Marine Biologist | Education Requirements, Salary, and Job Description

Many people with an appreciation of nature and water creatures, in particular, have found their niche in the area of Marine Biology. Competitive, challenging and exciting, the rewards of a career in this field have no price. With oceans covering approximately 71% of the Earth’s surface, it’s not surprising that most of the life on this planet can be found underwater and there is no doubt many new species still wait to be discovered.

What Do Marine Biologists Earn In a Year?

It would be nice if we could choose a career based solely on what we like but in reality, people do have to consider whether or not it can support them in the future. How much does a Marine Biologist make? In the United States, salary is based on several things which are company size, location, industry, experience, and education.

  • $ 40,000 to start.
  • $ 125,000 for top earners.
  • $ 70,000 yearly average.

marine biologist and her salary

Job Description of a Marine Biologist

What is a Marine biologist? That question is easily answered. They are people who dedicate themselves to the scientific study of life in the ocean or other large bodies of water. Typically, the next thing people want to know is what does a Marine Biologist do? The following list answers that question.

  • Being able to establish a routine is rare. Schedules can’t be predicted because they depend on the weather and how difficult it can be to locate the sea creature you are looking for.
  • One day you may find yourself with little to do, and then the next, be up all night to accomplish a task.
  • 60 hour work weeks are common when doing field work.

What Degrees Are Required?

Education required to enter this field is generally a bachelor’s degree. Undergraduate degrees typically take four years to earn with the first two years being spent on general education requirements such as:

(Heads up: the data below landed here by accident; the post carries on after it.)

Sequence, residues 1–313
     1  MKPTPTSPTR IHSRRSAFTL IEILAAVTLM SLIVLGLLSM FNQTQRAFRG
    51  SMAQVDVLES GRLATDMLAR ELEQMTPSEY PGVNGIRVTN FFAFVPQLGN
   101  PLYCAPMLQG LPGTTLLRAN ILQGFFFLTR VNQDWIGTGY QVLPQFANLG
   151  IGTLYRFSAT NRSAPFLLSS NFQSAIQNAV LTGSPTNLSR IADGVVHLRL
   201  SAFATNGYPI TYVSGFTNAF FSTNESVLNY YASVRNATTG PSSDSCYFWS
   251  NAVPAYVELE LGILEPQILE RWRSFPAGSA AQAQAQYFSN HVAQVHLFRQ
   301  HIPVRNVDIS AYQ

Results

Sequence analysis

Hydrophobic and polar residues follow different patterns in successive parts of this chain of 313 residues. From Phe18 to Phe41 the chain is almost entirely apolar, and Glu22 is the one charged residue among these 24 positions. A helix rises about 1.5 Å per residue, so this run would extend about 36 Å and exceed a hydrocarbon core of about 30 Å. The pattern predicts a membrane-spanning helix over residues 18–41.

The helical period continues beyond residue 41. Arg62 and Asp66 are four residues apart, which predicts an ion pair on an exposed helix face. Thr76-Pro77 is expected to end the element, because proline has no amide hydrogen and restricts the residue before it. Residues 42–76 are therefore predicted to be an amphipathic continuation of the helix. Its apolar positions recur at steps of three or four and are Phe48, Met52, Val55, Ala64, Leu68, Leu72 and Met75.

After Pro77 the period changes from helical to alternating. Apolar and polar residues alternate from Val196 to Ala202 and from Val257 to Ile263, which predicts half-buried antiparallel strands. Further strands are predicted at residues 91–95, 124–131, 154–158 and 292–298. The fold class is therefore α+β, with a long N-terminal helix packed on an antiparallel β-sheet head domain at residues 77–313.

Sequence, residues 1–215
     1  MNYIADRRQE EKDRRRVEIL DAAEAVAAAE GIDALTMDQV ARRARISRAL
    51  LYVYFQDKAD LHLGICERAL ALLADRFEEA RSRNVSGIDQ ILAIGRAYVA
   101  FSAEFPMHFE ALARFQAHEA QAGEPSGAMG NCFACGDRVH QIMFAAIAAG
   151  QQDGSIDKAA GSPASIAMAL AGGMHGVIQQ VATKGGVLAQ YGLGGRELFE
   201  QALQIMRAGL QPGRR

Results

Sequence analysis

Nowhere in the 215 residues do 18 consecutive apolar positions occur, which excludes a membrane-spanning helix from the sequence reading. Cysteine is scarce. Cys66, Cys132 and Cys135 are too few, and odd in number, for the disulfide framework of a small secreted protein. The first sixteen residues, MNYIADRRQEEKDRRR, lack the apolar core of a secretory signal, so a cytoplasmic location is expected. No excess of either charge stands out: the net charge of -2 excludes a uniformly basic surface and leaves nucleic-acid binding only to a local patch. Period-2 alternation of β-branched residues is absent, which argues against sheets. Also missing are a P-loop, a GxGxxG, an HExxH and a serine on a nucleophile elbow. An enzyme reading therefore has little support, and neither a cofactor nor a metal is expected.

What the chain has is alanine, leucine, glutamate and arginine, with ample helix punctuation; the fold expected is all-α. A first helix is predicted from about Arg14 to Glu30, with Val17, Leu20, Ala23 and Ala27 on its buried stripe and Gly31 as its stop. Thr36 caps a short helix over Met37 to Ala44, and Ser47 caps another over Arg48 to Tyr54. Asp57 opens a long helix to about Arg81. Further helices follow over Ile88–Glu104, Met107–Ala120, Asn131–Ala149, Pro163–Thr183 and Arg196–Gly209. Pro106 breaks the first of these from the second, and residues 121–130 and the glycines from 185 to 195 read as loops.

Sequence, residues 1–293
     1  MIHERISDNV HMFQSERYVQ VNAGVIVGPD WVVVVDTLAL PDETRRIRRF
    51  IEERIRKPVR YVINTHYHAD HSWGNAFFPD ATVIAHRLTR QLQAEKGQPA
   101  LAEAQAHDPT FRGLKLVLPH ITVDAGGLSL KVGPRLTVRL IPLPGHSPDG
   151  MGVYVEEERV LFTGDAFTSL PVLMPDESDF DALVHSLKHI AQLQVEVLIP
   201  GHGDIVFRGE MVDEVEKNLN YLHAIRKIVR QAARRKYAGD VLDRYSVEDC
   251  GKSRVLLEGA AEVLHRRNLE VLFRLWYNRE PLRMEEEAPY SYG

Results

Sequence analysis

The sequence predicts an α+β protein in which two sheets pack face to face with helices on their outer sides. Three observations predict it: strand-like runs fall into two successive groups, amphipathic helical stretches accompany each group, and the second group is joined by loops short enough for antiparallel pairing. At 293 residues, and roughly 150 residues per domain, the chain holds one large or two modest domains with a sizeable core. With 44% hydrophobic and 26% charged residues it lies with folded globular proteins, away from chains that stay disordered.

• Science
  • Physics
  • Biochemistry
  • Cell, Plant and Microbiology
  • Genetics
  • Mathematics
  • Ecology
  • Evolution

How To Become a Marine Biologist and Make A Difference

What’s needed most to work in this fascinating field is simple dedication. Once all educational requirements have been met an internship must be completed to gain practical experience. Specialization determines the industry where an internship is served so depending on your field of study, you may find yourself at either an aquarium, zoo, or environmental agency.

If the goal is a research position advanced degrees may be required. Marine Biology covers so much more than underwater research on plants or bacteria. Those that train and research specific sea creatures also have the same title since they are both tied to the world of water. The study of marine life has led to clues on how to improve both human and animal health as well as the environment that supports them both.

By discovering how to track the growth or decline of marine life and studying water quality, recommendations can be made to protect a species that may be in danger and save them from extinction. Working as a Marine Biologist is the most satisfying way there could be to avoid a 9-5 lifestyle.